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September 10, 1998 - Image 8

Resource type:
The Michigan Daily, 1998-09-10

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8A - The Michigan Daily - Thursday, September 10, 1998


Northwest talks continue

MINNEAPOLIS (AP) - Northwest Airlines and
its pilots continued meeting with a federal mediator
and a Clinton administration official yesterday in day
12 of the pilots' strike.
Transportation Secretary Rodney Slater left
Minnesota on Tuesday night after meeting with rep-
resentatives of both sides, but presidential aide
Bruce Lindsey remained as the parties worked with
a mediator to find a way to end the strike.
The sides have been stalled on issues of pay and
job security.
As the talks continued under a news blackout at a

suburban hotel, two feeder airlines that had sus-
pended service because of the strike were making
plans to resume flying to 17 smaller towns with no
other air service.
The U.S. Department of Transportation gave
Express Airlines I until 6 p.m. today to develop a plan
to serve five markets from Memphis, Tenn., said Phil
Reed, vice president of marketing for Express.
"It allows us the opportunity to develop a plan to
return to some level of flying that's economically
feasible, to provide effective flying, not to simply
operate an airline," Reed said.

Scientist provides
evidence of black
hole in Milky Way

Northwest planes stand immobile at Mineapolls airport as
the pilot's strike nears It thirteenth day.

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MAUNA KEA, Hawaii - Looking
too youthful to be a tenured professor,
she wears a "lucky sweater" in bright
primary colors and munches Oreos and
Chips Ahoy - the standard fuel for
astronomers facing long, cold nights.
At 33, UCLA's Andrea Ghez already
has changed the way astronomers think
about starbirth. Now, she has put 25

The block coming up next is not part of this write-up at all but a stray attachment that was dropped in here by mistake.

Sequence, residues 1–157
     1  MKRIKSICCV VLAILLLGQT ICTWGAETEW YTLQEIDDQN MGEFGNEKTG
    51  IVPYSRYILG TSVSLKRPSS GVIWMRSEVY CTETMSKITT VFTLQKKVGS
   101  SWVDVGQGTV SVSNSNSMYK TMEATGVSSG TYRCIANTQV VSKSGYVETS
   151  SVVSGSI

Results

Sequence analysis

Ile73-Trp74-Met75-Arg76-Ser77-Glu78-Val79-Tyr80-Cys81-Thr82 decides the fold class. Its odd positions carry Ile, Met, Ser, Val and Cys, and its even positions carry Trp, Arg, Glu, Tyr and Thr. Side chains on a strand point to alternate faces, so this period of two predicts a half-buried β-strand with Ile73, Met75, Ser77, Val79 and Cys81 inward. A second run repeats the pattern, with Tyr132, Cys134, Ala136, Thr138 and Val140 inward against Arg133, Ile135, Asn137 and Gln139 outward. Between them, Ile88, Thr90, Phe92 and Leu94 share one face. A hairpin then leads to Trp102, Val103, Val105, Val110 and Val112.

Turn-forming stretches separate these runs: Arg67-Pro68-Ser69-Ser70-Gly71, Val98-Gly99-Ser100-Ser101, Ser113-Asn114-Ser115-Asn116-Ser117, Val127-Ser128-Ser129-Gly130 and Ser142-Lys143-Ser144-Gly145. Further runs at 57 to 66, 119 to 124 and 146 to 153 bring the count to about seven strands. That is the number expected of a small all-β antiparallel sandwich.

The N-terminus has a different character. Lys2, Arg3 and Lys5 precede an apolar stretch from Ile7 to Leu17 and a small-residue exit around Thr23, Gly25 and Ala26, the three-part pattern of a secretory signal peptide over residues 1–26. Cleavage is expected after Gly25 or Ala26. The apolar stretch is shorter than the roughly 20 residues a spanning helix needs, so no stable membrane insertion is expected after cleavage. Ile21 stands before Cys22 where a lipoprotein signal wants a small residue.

years of speculation to an end by pro-
viding the best evidence yet that a mas-
sive black hole sits at the center of the
Milky Way. She presented her results at
a talk in August at Rutgers University
in New Jersey.
Ghez first shook up the astronomical
community with her discovery that
most newborn stars appear to be twins.
Astronomers have known since the
1970s that roughly half the stars in the
universe come in pairs. What was
unclear was whether they were born
double, or teamed up two by two later
in their evolution, like animals on
Noah's ark.
While still a graduate student, Ghez
found that the youngest infants in the
stellar family are more likely than older
stars to be twins. That means, she said,
that stars are probably born double.
The discovery has posed a major
problem for astronomy because it con-
tradicts the prevalent theories of how
stars form. The theories describe a sin-
gle star condensing out of a glob of
interstellar gas. As the gas collapses
under the force of gravity, a star is born.
Those theories do not provide any good

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mechanism to explain the frrnation of
double stars.
"The (current theory) -ry nicely
produces our sun and planet" she said.
"But it only produces sigle stars.
Nature produces doubles. 'ngle stars
might be harder to finc than we
Her discovery also raisecthe ques-
tion of what happens to all te missing
partners of the solitary sta like our